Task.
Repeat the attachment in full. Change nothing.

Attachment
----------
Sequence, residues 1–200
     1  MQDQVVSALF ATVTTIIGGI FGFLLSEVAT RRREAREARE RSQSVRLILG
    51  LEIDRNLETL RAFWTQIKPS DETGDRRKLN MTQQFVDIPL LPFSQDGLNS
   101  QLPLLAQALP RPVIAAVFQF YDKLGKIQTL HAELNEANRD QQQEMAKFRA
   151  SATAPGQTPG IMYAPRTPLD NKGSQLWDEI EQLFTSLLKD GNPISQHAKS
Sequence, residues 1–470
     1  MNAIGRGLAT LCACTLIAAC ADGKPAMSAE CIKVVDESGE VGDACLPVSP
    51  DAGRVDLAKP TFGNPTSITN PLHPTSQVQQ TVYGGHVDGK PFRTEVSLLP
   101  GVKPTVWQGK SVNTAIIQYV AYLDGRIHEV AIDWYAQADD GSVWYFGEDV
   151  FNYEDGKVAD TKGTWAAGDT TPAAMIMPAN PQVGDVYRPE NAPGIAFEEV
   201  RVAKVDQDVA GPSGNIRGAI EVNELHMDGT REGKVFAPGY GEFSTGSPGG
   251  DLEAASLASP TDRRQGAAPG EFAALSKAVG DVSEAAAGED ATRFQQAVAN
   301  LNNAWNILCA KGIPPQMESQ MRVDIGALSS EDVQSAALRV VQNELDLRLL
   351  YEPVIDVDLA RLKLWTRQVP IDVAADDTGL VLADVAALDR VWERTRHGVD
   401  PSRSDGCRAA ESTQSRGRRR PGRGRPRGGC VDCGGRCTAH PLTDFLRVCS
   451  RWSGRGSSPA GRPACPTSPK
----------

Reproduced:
Sequence, residues 1–200
     1  MQDQVVSALF ATVTTIIGGI FGFLLSEVAT RRREAREARE RSQSVRLILG
    51  LEIDRNLETL RAFWTQIKPS DETGDRRKLN MTQQFVDIPL LPFSQDGLNS
   101  QLPLLAQALP RPVIAAVFQF YDKLGKIQTL HAELNEANRD QQQEMAKFRA
   151  SATAPGQTPG IMYAPRTPLD NKGSQLWDEI EQLFTSLLKD GNPISQHAKS
Sequence, residues 1–470
     1  MNAIGRGLAT LCACTLIAAC ADGKPAMSAE CIKVVDESGE VGDACLPVSP
    51  DAGRVDLAKP TFGNPTSITN PLHPTSQVQQ TVYGGHVDGK PFRTEVSLLP
   101  GVKPTVWQGK SVNTAIIQYV AYLDGRIHEV AIDWYAQADD GSVWYFGEDV
   151  FNYEDGKVAD TKGTWAAGDT TPAAMIMPAN PQVGDVYRPE NAPGIAFEEV
   201  RVAKVDQDVA GPSGNIRGAI EVNELHMDGT REGKVFAPGY GEFSTGSPGG
   251  DLEAASLASP TDRRQGAAPG EFAALSKAVG DVSEAAAGED ATRFQQAVAN
   301  LNNAWNILCA KGIPPQMESQ MRVDIGALSS EDVQSAALRV VQNELDLRLL
   351  YEPVIDVDLA RLKLWTRQVP IDVAADDTGL VLADVAALDR VWERTRHGVD
   401  PSRSDGCRAA ESTQSRGRRR PGRGRPRGGC VDCGGRCTAH PLTDFLRVCS
   451  RWSGRGSSPA GRPACPTSPK